The opinion of the court was delivered by: John E. Mcdermott United States Magistrate Judge
MEMORANDUM OPINION AND ORDER AFFIRMING DECISION OF THE COMMISSIONER OF SOCIAL SECURITY PROCEEDINGS
On March 12, 2009, Christine E. Modesitt ("Plaintiff" or "Claimant") filed a complaint seeking review of the decision by the Commissioner of Social Security ("Commissioner") denying Plaintiff's application for Supplemental Security Income ("SSI") benefits. The Commissioner filed an Answer on June 16, 2009. On January 5, 2010, the parties filed a Joint Stipulation ("JS"). The matter is now ready for decision.
Pursuant to 28 U.S.C. § 636(c), both parties consented to proceed before the Magistrate Judge. After reviewing the pleadings, transcripts, and administrative record ("AR"), the Court concludes that the Commissioner's decision should be affirmed.
Plaintiff is a 44 year old female who was found to have the medically determinable severe impairments of bipolar disorder, generalized anxiety disorder, and substance addiction disorder. (AR 397.) Plaintiff has not engaged in substantial gainful activity since February 26, 2003, the application date. (Id.)
Plaintiff's claim for SSI benefits was denied initially (AR 33-36) and on reconsideration. (AR 38-41.) Plaintiff filed a written request for hearing (AR 42), which was held before Administrative Law Judge ("ALJ") Philip E. Moulaison on February 18, 2005, in San Bernardino, California. (AR 344-369.) The ALJ issued an unfavorable decision on March 25, 2005. (AR 23-32.) On April 11, 2005, Plaintiff filed a Request for Review of Hearing Decision. (AR 52.) The Appeals Council remanded the case for further proceedings on July 12, 2005. (AR 53-56.)
A supplemental hearing was conducted by ALJ Joseph D. Schloss on February 22, 2006. (AR 370-91.) On June 24, 2006, the ALJ issued a decision denying benefits. (AR 12-19.) On July 31, 2006, Plaintiff filed a Request for Review of Hearing Decision (AR 10), which was denied by the Appeals Council on September 15, 2006. (AR 7-9.)
On November 21, 2006, Plaintiff filed a complaint in the United States District Court for the Central District of California, Case No. CV 06-1229-JWJ. On March 28, 2008, the District Court remanded the case to the Commissioner. (AR 416-438.) On May 17, 2008, the Appeals Council remanded the case to the ALJ. (AR 441.)
On August 14, 2008, a second supplemental hearing was held before ALJ Schloss. (AR 1179.) Plaintiff appeared and testified at the hearing. (AR 1193-1197.) Medical expert Miriam Sherman, M.D., and vocational expert ("VE") Sandra Fioretti also appeared and testified. (AR 1183-1193.) On November 18, 2008, the ALJ issued an unfavorable decision. (AR 392-401.) Thereafter, Plaintiff commenced the present action.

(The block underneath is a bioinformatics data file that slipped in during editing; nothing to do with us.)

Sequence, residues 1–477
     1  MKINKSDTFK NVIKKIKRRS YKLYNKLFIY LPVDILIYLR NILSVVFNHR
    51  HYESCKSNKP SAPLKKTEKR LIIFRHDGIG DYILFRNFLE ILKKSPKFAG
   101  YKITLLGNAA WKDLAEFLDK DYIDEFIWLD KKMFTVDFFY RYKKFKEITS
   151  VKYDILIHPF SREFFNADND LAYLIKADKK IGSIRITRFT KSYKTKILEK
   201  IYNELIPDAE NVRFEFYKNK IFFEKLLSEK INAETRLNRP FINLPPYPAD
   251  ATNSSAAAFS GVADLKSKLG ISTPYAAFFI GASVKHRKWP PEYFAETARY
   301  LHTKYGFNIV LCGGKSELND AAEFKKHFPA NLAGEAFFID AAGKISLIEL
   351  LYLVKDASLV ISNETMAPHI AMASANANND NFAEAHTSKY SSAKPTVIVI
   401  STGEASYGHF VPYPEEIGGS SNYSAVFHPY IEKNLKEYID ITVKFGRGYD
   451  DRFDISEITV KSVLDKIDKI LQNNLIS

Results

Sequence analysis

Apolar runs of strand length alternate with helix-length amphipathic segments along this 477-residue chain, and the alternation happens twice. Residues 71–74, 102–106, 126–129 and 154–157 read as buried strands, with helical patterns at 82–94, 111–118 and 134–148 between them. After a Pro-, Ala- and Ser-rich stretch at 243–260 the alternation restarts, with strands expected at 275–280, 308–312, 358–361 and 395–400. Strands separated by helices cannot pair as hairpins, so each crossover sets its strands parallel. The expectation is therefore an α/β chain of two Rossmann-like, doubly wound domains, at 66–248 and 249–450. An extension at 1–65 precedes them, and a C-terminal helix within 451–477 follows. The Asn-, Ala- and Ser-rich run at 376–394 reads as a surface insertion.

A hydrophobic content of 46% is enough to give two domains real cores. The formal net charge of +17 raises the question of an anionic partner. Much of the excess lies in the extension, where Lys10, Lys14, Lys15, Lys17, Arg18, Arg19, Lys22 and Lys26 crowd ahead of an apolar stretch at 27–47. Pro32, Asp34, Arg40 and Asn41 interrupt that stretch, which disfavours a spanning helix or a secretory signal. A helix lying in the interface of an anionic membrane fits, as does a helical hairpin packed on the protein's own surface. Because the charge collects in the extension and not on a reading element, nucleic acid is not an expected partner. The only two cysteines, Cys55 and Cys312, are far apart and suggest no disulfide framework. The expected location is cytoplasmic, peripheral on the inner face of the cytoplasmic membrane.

As reflected in the Joint Stipulation, the disputed issues that Plaintiff raises as grounds for reversal are as follows:
1. Whether the ALJ complied with the District Court's remand order to consider Plaintiff's credibility under the proper legal standards?
2. Whether the ALJ properly considered the State agency findings?
3. Whether the ALJ properly considered the treating psychiatrist's opinion?
4. Whether the ALJ properly considered the treating clinician's opinion?
5. Whether the ALJ properly considered Dr. Multani's opinion?
6. Whether the ALJ posed a complete hypothetical question to the vocational expert?
Under 42 U.S.C. § 405(g), this Court reviews the ALJ's decision to determine whether the ALJ's findings are supported by substantial evidence and whether the proper legal standards were applied. DeLorme v. Sullivan, 924 F.2d 841, 846 (9th Cir. 1991). Substantial evidence means "'more than a mere scintilla'. . . but less than a preponderance." Saelee v. Chater, 94 F.3d 520, 521-22 (9th Cir. 1996) (quoting Richardson v. Perales, 402 U.S. 389, 401 (1971)). Substantial evidence is "such relevant evidence as a reasonable mind might accept as adequate to support a conclusion." Richardson, 402 U.S. at 401 (internal quotations and citation omitted).
This Court must review the record as a whole and consider adverse as well as supporting evidence. Robbins v. Soc. Sec. Admin., 466 F.3d 880, 882 (9th Cir. 2006). Where evidence is susceptible to more than one rational interpretation, the ALJ's decision must be upheld. Morgan v. Comm'r, 169 F.3d 595, 599 (9th Cir. 1999). "However, a reviewing court must consider the entire record as a whole and may not affirm simply by isolating a 'specific quantum of supporting evidence.'" Robbins, 466 F.3d at 882 (quoting Hammock v. Bowen, 879 F.2d 498, 501 (9th Cir. 1989)); see also Orn v. Astrue, 495 F.3d 625, 630 (9th Cir. 2007).
The Social Security Act defines disability as the "inability to engage in any substantial gainful activity by reason of any medically determinable physical or mental impairment which can be expected to result in death or . . . can be expected to last for a continuous period of not less than 12 months." 42 U.S.C. §§ 423(d)(1)(A), 1382c(a)(3)(A). The ...